Ramblings about death and appreciation

Even as I mounted my bike and rode up the switchbacks through towering redwoods, I couldn’t relax. It was too close to shabbos to relax, sure I was happy to finally be away from people, the city and any distractions besides for my sweaty brow and labored breath. The ground was soft and I rode real hard, but I still couldn’t ride everything I wanted to. I did get to ride my favorite downhill trail in all the land, jumping logs, small table tops and dirt jumps as I screamed through the woods at record time using every inch of suspension my bike had. Yet I didn’t feel relaxed until I sat down on a lawn chair overlooking my friends vineyard tucked away on a nice hill above Santa Cruz overlooking the quickly fading sun, this is where I was to begin shabbos and this was where I could finally let my mind roam free.

I have been working quite a bit lately, it’s been great, I love what I do and it’s pretty cool that I get paid to do it, but sometimes you just burn out and need some time away. Like most people, the winter is typically not as relaxing as the summer. Even though it hasn’t rained much yet and I’ve been able to roam around the countryside, until today it got dark early to truly enjoy the moment without feeling the rush of darkness. With the clock change last night, I’ve already begun to think about backpacking season. It seems the only time I don’t feel rushed, the only time I feel almost like it’s shabbos is when I’m perched above some alpine lake looking off into the distance and knowing I will be spending the night far from any cell phone tower or traffic jam.

Naturally, when I’m feeling rushed it effects my entire psyche. It affects how I spend my time, how I socialize and how I feel about my Judaism. Rushing doesn’t make for good kavannah and rushing is just bad all around. Up here in the mountains for shabbos there is no clock, there are no distractions and it’s just me and God here to converse in peace.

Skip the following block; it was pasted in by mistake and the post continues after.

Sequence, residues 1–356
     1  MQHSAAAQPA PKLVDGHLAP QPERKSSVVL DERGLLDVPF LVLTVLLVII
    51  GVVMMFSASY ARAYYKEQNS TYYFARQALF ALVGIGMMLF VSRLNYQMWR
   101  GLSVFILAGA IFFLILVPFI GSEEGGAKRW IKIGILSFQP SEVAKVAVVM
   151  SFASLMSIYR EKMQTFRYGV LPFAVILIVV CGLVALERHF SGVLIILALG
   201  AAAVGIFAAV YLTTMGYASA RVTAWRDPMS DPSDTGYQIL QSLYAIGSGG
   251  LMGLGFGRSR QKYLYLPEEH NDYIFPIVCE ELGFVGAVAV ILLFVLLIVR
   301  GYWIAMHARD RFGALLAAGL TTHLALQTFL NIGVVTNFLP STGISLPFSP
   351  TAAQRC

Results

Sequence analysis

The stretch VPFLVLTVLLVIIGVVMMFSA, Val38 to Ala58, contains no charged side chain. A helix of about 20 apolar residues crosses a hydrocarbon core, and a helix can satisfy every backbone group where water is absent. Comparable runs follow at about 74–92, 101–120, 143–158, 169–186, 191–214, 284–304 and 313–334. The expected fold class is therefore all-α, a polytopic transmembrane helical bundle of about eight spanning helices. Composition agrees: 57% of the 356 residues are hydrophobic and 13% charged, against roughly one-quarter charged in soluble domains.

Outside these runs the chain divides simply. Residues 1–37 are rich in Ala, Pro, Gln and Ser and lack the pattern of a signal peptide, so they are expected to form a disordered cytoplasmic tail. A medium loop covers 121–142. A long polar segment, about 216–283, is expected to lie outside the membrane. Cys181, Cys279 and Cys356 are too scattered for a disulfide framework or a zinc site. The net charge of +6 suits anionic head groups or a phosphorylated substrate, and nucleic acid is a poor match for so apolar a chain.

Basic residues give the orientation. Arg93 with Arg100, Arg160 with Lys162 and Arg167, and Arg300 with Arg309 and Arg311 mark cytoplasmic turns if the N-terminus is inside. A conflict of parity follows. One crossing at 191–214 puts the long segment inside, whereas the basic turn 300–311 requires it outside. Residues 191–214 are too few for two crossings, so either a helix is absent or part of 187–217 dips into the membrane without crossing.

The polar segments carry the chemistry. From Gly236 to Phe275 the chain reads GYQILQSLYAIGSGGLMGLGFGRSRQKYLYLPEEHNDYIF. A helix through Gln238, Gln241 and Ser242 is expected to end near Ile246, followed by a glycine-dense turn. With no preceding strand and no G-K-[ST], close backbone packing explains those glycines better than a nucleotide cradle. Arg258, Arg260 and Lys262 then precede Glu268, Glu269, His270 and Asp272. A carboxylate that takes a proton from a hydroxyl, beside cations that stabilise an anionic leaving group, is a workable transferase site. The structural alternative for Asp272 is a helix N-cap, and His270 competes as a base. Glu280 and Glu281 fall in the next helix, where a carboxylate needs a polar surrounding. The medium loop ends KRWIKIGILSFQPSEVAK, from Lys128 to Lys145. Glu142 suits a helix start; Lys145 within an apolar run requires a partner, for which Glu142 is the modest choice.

As the sun sets and turns into all these crazy colors I’m doing mincha and it feels darned good to just be pouring out my heart amidst all this beauty. I daven in the woods often, but shabbos davening in the woods is really key for me and I wonder why I’m not here more often.

I sing the entire kabalas shabbos, even the parts most people don’t sing and there’s no rushing to some meal. My stomach is empty, but there is truly no rush, The light is low, the cold night begins to settle, but off in the distance the orange and pink is settling over the Pacific and it’s lovely. It’s lovely to be appreciating something so awesome and to be able to daven while this is going on is not a common thing. Shul davening doesn’t do it for me, it does things if I need something, or one of my friends is sick so I can pray for them, but seldom does any shul inspire me to give a full our appreciation to the Lord.

Ironically I started becoming a bit inspired on my bike ride, I hadn’t ridden the trails much since I moved from San Jose to San Francisco and I have this intimate connection with these coastal redwood trails, especially as the sun goes down and the shadows grow long. Then I rode that downhill like a nut, I mean I tore that shit up and just sitting in my car listening to the Dead and having this grand appreciation for life, the gift of health and vision and hearing just all made my davening that much better.

Lately, I’ve been thinking about mortality, I guess you think you’re gonna live forever and then your confronted with the fact that you’re gonna die some day and that sucks. So of course, it brings up all those existential wonderings that you really wish would lay dormant. What’s the point of life and all that jazz. Of course those thoughts start making you have this great appreciation for the good in life.

In my adult life I’ve always tried to have appreciation, but naturally things get taken for granted. How often do we think about the simple things in life which many people don’t have and how can we try to remember to think of those things. My thoughts of thanks and appreciation are usually brought on by hearing, seeing or experiencing some sort of amazing thing that not everyone could be so fortunate to experience. Tasting an amazing flavor, seeing an amazing vista or listening to a beautiful concert. So usually I end up screaming my allegeince to the Lord when I figure out that I’m having some awesome miracle of an experience and my davening this past shabbos was much like that.

I’m sure there are practices in which you start to meditate on the beauty or feelings you are experiencing. For me it was the amazing silence, disturbed only by a random bird rustling the leaves. The fading light making all these tall redwood and eucalyptus trees look black against the night sky, the feel of the soft earth beneath my feet, the cool wind in my hair and the stars coming out above.

The ramblings of a madman you may say, but I’m just madly in love with life and all of the amazing stuff I experience every day. There’s always been part of me that wonders how I can transfer these experiences to others, or at least a sort of appreciation for those experiences being had anyway.